Cross posted from the AWEA Blog: www.awea.org/blog
By Land or By Sea: It’s all about the Supply Chain
Posted: 2011-11-30 Lauren Glickman, Social Media/Online Advocacy Mgr
Day #2 at EWEA Offshore 2011 focuses on potential for job growth
Economic hard times are not unique to the United States; the financial crisis of 2008-2009 and resulting recession have taken their toll throughout the European Union. In these tough times, the offshore wind industry’s massive supply chain offers immense opportunity for job creation all across Europe.
By the end of this year 4 GW of offshore wind power will be connected to Europe’s electricity grids – but the sector has some way to go if it is to meet its 40 GW target by 2020, just nine years away. Ports, vessels, turbines and cables – are all vital elements of the supply chain that must be boosted in the years to come.
‘The supply chain has to ramp up, but it’s very good at doing that,’ said Colin Morgan from Garrad Hassan, speaking at OFFSHORE 2011 on the launch of EWEA’s new offshore report. It will be developed in time to reach 2020 targets, but having a good supply of high voltage subsea cables is currently a potential obstacle to this, he added. ‘We are concerned that these are not being made’, he said highlighting the opportunities in the sector for new players.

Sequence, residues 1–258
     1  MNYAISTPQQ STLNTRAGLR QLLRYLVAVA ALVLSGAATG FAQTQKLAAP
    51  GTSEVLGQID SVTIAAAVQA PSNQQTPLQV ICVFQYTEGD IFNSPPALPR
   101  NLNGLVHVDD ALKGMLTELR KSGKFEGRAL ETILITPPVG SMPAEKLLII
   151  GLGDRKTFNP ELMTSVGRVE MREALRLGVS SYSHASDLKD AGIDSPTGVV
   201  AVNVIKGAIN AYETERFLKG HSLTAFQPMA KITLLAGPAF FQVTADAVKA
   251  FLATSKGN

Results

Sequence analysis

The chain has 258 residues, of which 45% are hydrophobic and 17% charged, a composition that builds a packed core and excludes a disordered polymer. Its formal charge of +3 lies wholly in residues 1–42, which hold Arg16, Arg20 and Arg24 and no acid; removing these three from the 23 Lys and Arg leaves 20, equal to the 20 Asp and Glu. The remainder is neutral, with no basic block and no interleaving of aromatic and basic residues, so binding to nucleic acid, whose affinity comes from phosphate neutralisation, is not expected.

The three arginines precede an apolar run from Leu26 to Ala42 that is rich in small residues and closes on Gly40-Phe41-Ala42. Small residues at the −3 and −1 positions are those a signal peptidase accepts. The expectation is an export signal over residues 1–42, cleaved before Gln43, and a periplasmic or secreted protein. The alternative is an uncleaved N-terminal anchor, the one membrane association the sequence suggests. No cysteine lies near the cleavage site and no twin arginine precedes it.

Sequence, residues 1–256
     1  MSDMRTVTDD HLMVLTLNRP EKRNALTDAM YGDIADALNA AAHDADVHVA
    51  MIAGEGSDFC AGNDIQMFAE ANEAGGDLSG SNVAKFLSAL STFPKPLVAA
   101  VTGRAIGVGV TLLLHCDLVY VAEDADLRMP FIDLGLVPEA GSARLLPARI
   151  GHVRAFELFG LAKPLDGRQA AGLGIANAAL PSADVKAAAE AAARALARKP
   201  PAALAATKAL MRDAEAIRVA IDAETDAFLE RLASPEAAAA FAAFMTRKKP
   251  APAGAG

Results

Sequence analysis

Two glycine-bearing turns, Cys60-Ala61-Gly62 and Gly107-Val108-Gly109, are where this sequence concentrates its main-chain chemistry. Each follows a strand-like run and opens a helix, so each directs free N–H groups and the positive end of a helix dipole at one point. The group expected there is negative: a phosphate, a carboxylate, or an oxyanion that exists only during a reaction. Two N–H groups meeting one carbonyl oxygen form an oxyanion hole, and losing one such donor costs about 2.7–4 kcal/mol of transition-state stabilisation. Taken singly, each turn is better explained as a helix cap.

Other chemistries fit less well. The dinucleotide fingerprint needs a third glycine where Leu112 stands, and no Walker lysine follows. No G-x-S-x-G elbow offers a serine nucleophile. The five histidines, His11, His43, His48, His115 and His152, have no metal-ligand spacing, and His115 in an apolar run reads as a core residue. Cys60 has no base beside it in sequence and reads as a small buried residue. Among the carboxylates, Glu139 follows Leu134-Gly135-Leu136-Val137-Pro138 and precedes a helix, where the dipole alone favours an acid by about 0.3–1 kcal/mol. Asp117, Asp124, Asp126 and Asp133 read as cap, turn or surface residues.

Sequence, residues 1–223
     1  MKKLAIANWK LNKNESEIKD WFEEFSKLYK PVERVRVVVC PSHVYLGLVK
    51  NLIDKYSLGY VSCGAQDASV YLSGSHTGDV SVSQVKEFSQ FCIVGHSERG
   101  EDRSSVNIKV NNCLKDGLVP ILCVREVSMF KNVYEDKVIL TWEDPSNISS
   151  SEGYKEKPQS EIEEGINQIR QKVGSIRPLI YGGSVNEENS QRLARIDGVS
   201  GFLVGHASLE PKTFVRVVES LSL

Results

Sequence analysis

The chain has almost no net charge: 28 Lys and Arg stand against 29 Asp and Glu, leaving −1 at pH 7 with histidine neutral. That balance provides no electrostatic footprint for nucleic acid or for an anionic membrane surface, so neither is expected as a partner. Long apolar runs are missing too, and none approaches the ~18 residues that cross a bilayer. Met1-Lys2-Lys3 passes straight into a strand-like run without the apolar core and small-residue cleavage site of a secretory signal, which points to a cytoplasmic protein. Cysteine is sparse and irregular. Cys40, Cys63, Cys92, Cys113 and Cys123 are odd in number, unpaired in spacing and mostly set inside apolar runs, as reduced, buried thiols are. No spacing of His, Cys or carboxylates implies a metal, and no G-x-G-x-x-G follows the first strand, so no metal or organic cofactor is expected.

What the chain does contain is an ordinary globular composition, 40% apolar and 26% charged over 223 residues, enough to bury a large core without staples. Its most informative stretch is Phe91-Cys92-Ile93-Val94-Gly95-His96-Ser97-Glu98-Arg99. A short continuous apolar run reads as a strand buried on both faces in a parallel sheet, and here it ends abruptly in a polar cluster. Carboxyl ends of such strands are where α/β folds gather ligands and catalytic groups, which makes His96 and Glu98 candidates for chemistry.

It’s been another busy day so far here at OFFSHORE 2011 in Amsterdam, and today the focus is on audience participation. First up were five of offshore wind energy’s leading manufacturers – Alstom, Nordex, Gamesa, Siemens and Vestas – in the battle of the big turbines.
Each manufacturer outlined the benefits of their future turbines, with the main differences lying in the generators (direct drive, hybird or gear) and in blade length. It was clear that the industry’s leading players are aiming high – at 7 MW machines with rotor diameters of up to 154 meters.
CROSS POSTED FROM THE AWEA BLOG WWW.AWEA.ORG/BLOG
Day 1 at EWEA Offshore 2011: An industry approaching adulthood
Posted: 2011-11-29 Lauren Glickman, Social Media/Online Advocacy Mgr
Despite being over 3800 miles from home, the message I heard at this morning’s opening session of The EWEA Offshore conference sounded very familiar. The Conference kicked off this morning with over 7,500 key stakeholders descending upon Amsterdam to discuss the pressing issues facing the offshore wind industry in Europe. EWEA kicked things off by releasing their latest analysis of all existing offshore wind projects in 17 EU member states.
Maxime Verhagen is Dutch Minister of Economic Affairs – and so responsible for energy. In the latest Wind Directions, he explains why his government has cut spending on offshore wind energy.
The Minister starts by re-affirming the Dutch government’s commitment to the European renewables targets for 2020. “To meet these targets the government will stimulate the most cost-effective renewable energy mix”, he says.
He also agrees “on the potential of offshore wind for the Dutch economy”, adding that “The Netherlands has numerous companies with an outstanding record in designing, constructing and maintaining offshore wind farms.”